The JHU Department of Computer Science is a department within the Whiting School of Engineering. While studies and research cover a very wide area, there are five main research interests:
Algorithms – A core area and long-standing strength of the department, dating from before the department’s formation. Robotics, Vision, and Graphics – Much of the research in these areas, which involve 3-D computer modeling, is done within the Center for Computer-Integrated Surgical Systems and Technology (CISST). Related research includes human-computer interaction, and shape recognition and shape matching. Security – This is an incredibly broad area and research, focused within the JHU Information Security Institute, involves many aspects of computer and network security. Systems – This core research area grapples with improving operating systems and data storage and defining higher standards for security evaluation. Natural Language Processing – This concerns enabling computers to work more effectively with human languages, identifying input strings and corresponding output, defining correlations between text and speech, form and content, syntax and translations. The Center for Language and Speech Processing (CLSP) is centrally involved with this work.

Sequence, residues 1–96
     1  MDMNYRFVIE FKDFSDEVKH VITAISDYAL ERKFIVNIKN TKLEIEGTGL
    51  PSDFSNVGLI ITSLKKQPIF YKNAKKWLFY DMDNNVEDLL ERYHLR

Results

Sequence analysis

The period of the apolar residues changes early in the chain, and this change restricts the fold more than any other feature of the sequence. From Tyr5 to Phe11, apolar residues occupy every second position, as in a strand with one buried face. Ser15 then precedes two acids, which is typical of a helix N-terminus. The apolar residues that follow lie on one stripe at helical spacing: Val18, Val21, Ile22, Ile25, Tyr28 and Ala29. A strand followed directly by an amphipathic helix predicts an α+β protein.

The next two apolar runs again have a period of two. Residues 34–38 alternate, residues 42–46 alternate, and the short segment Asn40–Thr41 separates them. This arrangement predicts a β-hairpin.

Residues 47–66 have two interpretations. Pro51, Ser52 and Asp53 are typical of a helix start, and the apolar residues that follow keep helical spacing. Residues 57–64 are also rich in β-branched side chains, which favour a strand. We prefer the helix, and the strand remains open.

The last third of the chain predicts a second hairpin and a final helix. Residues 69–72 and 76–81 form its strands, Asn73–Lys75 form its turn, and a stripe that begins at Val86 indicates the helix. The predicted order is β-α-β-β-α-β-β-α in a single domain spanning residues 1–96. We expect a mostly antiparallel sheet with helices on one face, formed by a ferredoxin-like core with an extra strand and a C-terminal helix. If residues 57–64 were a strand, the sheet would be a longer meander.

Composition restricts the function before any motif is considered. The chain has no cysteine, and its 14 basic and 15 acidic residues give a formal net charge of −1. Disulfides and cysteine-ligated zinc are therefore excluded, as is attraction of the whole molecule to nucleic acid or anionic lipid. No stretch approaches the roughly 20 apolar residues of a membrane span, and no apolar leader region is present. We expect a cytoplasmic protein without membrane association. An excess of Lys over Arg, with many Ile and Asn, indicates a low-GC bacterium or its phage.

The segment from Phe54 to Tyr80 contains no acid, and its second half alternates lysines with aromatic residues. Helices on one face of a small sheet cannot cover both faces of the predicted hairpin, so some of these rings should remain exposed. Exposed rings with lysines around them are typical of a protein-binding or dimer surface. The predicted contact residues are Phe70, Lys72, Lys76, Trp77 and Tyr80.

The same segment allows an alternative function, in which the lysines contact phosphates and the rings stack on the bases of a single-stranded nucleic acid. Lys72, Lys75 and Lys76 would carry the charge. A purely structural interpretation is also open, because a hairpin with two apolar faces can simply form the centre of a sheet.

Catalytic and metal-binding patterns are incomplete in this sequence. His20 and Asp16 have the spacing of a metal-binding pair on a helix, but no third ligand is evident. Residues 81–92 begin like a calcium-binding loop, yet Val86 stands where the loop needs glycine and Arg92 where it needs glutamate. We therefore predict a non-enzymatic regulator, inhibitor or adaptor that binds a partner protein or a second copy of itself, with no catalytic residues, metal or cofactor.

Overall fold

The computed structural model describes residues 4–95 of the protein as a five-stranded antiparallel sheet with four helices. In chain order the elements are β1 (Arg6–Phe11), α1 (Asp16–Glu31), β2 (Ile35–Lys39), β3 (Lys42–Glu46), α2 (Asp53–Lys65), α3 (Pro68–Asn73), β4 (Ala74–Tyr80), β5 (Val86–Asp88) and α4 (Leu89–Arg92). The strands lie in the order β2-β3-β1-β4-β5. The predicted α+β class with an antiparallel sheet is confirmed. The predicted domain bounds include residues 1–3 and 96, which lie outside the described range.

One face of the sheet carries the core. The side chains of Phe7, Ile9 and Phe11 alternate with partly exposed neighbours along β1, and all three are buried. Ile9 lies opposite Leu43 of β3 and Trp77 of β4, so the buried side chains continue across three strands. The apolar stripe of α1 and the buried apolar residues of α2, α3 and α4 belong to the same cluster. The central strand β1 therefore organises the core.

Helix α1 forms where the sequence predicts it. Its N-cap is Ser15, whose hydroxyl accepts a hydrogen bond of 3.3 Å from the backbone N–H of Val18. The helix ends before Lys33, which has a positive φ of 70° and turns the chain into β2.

The purpose of this report is to provide exhaustive details of my Computer Security Architecture project this spring 2008 semester. Ultimately, the goal has been to prepare a document that an
undergraduate student can read to increase his/her comprehension of the Atmel AVR AT90USB1287 microcontroller and its hardware components, the Assembler programming language, random number generation, pseudorandom number generation, and testing methods to determine levels of randomness. This report outlines how to program a random number generator (RNG) on the AT90USB1287 using the on‐board thermometer, as well as two pseudorandom number generators (PRNGs) on the AT90USB1287. One of the PRNGs is a Linear Feedback Shift Register (LFSR) and is designated as the “weak” PRNG. The other PRNG is the Advanced Encryption Standard (AES) algorithm and is designated as the “strong” PRNG algorithm. After programming the RNG, weak PRNG, and strong PRNG on the AT90USB1287, this report details the results of randomness tests offered by the National Institute of Standards and Technology (NIST) on both PRNG algorithms. The purpose of this is to demonstrate specifically what it means to have a cryptographically secure PRNG algorithm.